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Two days after he took some verbal jabs at former President Donald Trump as well as plenty of other political figures at a well-known and prestigious comedy-themed dinner in the nation’s capital, Republican Gov. Chris Sununu of New Hampshire repeatedly emphasized on Monday that his comments that grabbed national attention were “all in fun” and just “jokes.”
But Sununu’s jokes that the former president’s “crazy” angered some in Trump’s political orbit. And the attention his comments garnered sparked further speculation that the popular governor of a crucial battleground state may have national ambitions in 2024 or further down the road.
Sununu set up his Trump jokes at Saturday evening’s Gridiron Dinner by mentioning the possibility that the former president would win the 2024 election and return to the White House, and noted Trump’s “experience,” “passion,” and “sense of integrity” in the former president exhibited in his tweets.
“Nah, I’m just kidding,” Sununu said. “He’s f***ing crazy.”
A few moments later, Sununu continued his edgy jokes, saying “The press often will ask me if I think Donald Trump is crazy. And I’ll say it this way: I don’t think he’s so crazy that you could put him in a mental institution. But I think if he were in one, he ain’t getting out!”
After Sununu’s jabs at the roast grabbed headlines on Sunday, the governor emphasized in two local radio appearances in New Hampshire on Monday morning that it was all in jest.
“It’s all a joke. Look. I don’t think he’s crazy,” Sununu said on “New Hampshire Today with Chris Ryan.” “It’s all in fun. It’s all a joke. And anyone who’s trying to make this more than it is either seriously doesn’t understand what the Gridiron Dinner is all about or just has to lighten up a bit.”
And the governor said on “Good Morning New Hampshire with Jack Heath” that “if anyone is taking any of those jokes seriously, lighten up.” And he emphasized that “It’s a roast. It’s fun… I made jokes about my own family and myself and Republicans as much as I made fun about Democrats and Joe Biden and AOC and Bernie Sanders and socialists.”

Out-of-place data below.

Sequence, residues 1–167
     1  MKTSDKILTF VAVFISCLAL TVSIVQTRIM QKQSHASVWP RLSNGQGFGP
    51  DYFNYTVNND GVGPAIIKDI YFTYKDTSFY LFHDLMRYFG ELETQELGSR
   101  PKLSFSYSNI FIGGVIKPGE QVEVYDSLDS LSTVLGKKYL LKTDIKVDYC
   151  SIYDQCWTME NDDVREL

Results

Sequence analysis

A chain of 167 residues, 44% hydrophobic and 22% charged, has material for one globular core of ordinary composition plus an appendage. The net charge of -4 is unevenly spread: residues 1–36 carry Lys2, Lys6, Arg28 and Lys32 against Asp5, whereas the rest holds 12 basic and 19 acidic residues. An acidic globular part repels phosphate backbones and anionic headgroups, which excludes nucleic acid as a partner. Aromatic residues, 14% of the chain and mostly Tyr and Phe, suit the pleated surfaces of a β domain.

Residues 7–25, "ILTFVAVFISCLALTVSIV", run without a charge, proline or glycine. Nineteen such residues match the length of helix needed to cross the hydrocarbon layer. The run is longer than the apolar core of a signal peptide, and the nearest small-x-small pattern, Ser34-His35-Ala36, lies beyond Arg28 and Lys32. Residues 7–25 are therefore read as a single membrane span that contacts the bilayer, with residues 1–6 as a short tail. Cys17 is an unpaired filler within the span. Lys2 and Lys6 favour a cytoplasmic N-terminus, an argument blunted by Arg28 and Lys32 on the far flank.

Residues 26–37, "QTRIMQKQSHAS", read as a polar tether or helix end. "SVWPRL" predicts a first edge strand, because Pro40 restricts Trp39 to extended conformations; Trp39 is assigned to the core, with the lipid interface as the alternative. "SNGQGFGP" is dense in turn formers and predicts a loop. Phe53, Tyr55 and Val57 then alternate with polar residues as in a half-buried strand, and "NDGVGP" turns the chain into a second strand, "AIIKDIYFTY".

Sununu supported Trump during the 2016 general election and again as the then-president unsuccessfully ran for reelection in 2020. The governor had a strong working relationship with the Trump White House, including close ties with former Vice President Mike Pence.
But over the past year and a half, Sununu’s pushed back against Trump’s unproven claims that the 2020 presidential election was “rigged” and “stolen.” He’s also stated more than once that the GOP is larger than any one person, which was perceived as a swipe at the former president, who remains the most powerful figure in the Republican Party.
National Republicans heavily courted Sununu to run for the Senate this year against Democratic Sen. Maggie Hassan, whom they consider vulnerable. And the governor disappointed plenty in the GOP when he announced last November that he would run for reelection in 2022 rather than challenge Hassan. And in announcing his decision – which he made without alerting Senate GOP leaders – he criticized Republicans in Congress for what he considered their inaction and lack of ideas, and for just being content to block President Biden’s agenda.
And last month Sununu upset state and national Republicans for vowing to veto a congressional redistricting map passed by the GOP controlled state legislature that would have made the state’s 1st Congressional District, which the GOP’s aiming to flip from blue to red this November, more competitive for Republicans. Sununu said the proposed map – which would have been a dramatic shift from the current split of the state’s two districts – didn’t “pass the smell test.”
Earlier this year Corey Lewandowski, the New Hampshire-based longtime Trump adviser, said that the former president asked him to potentially find someone to launch a credible primary challenge against Sununu, who’s running for reelection this year for a fourth two-year term. The governor said on Monday that his jokes directed at Trump has nothing to do with any potential effort to find a credible candidate to try and primary challenge the governor as he runs for reelection this year.
Trump’s team didn’t respond when asked about Sununu’s jokes, but Lewandowski said in a statement that “If Chris had any guts, he would have run for U.S. Senate, and instead took the easy way out. And if the right Republican were to run against him, I’d be willing to bet Donald Trump would endorse Sununu’s opponent.”
Former New Hampshire Attorney General Tom Rath, a longtime GOP consultant, was at the Gridiron Dinner on Saturday night. He told Fox News that what Sununu “did and the way he said it was absolutely within the tradition of the Gridiron… you’re not up there to say nice things about folks. You’re up there to be a little bit outrageous.”
Rath added that the governor “was the talk of the evening.. the night was his.”
There is some speculation that Sununu may have national ambitions in 2024 or beyond. Sununu didn’t rule out any future White House run when asked by reporters as he announced his reelection plans last November. Rath, a veteran of numerous Republican presidential campaigns, said that the attention on Sununu’s Trump jokes may benefit the governor down the road should he decide to run for national office.
“There’s a lot of people that know of him from this night,” Rath said. “Folks in that room that matter down the road have a very interesting context to put him in and I think that will be very helpful for him if that what he wants to do.”